When you hear the phrase Farm to Table, what comes to mind? Perhaps …
- Shopping close to home, at a farmer’s market, out in the fresh air.
- Supporting local farmers and getting to know them.
- Small trucks bringing food straight from the farm (not tractor-trailers hauling it across the country).
- Just-picked fruits and vegetables at their peak for freshness, taste, and nutrition.
- Finding new varieties of fruits and veggies and using them in new recipes.
- A tasty way to fill up half of MyPlate.
- All of the above?
We have a nice collection of Farm to Table materials and I especially like our Bring the Farm to Your Table notepads. Here are some ways to use them today:
- When meeting with a client, talk about where the nearest farmer’s market is located and what’s in season (here’s a handy online guide by state). Write this information on the notepad, tear off that page, and let them take it home.
- Send a handwritten note to clients, co-workers, or students – yes, by snail mail! Include a tip about a nearby farmer’s market and suggestions about what to buy.
- Host a photo contest on social media. Ask people to take pictures of their favorite farmer’s market or farm stand, or a healthy dish they made with locally-grown produce. Winner(s) get a Farm to Table notepad (or wristband).
In the workplace, our Bring the Farm to Your Table poster will brighten things up and remind employees to stop at the farmer’s market for some delicious fresh produce. Provide some healthy recipes for what’s in-season.
In July, we celebrate National Berry Month, Peach Month, and Watermelon Month – you could spend a week on each fruit, providing facts, recipes, and preparation ideas!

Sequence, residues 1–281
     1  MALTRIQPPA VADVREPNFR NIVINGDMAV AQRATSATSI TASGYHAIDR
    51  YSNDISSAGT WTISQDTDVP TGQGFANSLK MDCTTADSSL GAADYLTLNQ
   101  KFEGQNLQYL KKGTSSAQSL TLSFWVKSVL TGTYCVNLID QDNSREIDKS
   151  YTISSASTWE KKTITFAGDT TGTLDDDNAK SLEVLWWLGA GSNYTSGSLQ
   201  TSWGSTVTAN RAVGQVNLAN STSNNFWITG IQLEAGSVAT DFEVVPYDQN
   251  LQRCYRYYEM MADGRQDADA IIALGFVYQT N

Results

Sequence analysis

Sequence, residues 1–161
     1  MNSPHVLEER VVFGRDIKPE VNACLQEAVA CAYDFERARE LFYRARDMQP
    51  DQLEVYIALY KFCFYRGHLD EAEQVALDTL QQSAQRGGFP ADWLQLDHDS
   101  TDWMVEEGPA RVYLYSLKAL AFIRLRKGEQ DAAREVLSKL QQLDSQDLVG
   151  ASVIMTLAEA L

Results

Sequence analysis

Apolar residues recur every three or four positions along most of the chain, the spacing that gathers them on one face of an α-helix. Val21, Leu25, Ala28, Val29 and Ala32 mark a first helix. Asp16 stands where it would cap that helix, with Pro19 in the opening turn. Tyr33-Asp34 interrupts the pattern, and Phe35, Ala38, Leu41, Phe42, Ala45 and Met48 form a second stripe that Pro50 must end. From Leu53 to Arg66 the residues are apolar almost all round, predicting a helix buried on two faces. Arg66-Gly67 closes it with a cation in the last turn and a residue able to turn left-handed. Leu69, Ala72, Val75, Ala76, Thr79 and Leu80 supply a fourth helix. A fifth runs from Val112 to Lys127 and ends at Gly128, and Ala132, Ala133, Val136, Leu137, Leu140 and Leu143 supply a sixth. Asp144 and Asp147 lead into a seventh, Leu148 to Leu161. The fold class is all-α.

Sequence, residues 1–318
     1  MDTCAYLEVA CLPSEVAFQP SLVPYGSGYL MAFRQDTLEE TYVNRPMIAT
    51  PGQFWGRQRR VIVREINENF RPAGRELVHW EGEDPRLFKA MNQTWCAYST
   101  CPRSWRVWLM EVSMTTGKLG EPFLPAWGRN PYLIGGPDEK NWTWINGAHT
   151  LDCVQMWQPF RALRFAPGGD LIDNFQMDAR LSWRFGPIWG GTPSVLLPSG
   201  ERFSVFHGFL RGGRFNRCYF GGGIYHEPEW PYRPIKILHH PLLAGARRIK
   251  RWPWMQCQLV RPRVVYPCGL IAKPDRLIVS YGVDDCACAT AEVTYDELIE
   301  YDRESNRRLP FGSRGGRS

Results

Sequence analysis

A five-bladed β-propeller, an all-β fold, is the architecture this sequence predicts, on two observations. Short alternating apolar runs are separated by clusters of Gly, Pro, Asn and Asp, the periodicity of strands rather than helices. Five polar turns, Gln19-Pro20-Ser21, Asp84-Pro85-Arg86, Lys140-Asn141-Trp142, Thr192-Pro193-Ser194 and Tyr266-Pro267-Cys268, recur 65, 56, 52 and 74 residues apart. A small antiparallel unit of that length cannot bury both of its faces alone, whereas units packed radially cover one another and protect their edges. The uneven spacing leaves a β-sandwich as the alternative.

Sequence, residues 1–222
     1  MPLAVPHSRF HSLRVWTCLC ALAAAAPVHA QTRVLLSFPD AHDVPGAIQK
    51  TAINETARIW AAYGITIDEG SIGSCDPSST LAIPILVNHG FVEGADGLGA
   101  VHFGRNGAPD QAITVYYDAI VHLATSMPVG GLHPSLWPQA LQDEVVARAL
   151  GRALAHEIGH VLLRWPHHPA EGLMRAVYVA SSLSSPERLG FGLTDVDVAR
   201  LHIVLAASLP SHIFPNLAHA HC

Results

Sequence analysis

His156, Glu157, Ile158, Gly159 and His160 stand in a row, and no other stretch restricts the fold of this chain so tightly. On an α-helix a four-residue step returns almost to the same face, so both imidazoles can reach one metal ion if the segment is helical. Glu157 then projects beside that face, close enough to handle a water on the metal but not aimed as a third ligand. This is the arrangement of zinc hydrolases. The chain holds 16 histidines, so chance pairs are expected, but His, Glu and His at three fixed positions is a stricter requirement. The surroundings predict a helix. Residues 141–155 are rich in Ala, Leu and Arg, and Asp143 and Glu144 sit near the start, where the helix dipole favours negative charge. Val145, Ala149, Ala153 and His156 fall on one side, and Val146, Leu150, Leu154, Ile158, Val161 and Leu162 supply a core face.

Local food is becoming an important trend in the U.S. The USDA estimates that over $8 billion dollars worth of local foods are produced and sold in the US. (https://www.agcensus.usda.gov/Newsroom/2016/12_20_16.php)
This trend is being shaped by the Millenial generation who are becoming sustainable farmers after leaving high-tech jobs and this same generation also wants to buy these foods.
After shopping at many local farmer’s markets and grocery stores that excel in local food sales we feel it is a very good trend.
Whole Foods has a great article about this trend here:
Basically they point out that the bio-diversity of food is preserved. Land use remains diverse. Food quality remains much higher and local dollars boost the local economy.
When you see the quality of local produce as well as some of the lower prices you will have to agree. By promoting this type of food in nutrition education you can help consumers focus on adding more fruits and vegetables to their diet.
It is really fun to find many types of swiss chard from green to rainbow. Or to explore many types of beets, kale, apples, tomatoes, and lettuce. The feeling one gets while walking through these markets is one of abundance and excitement. Instead of giving up cake and all kinds of packaged snacks you are getting all kinds of new fruits and vegetables to try in your kitchen. Plus walking through the markets is great exercise.
Check out our recent photos and brand new theme titled, “Bring the Farm to the Table”
Here is a handout about the benefits of Local Foods and how to purchase them.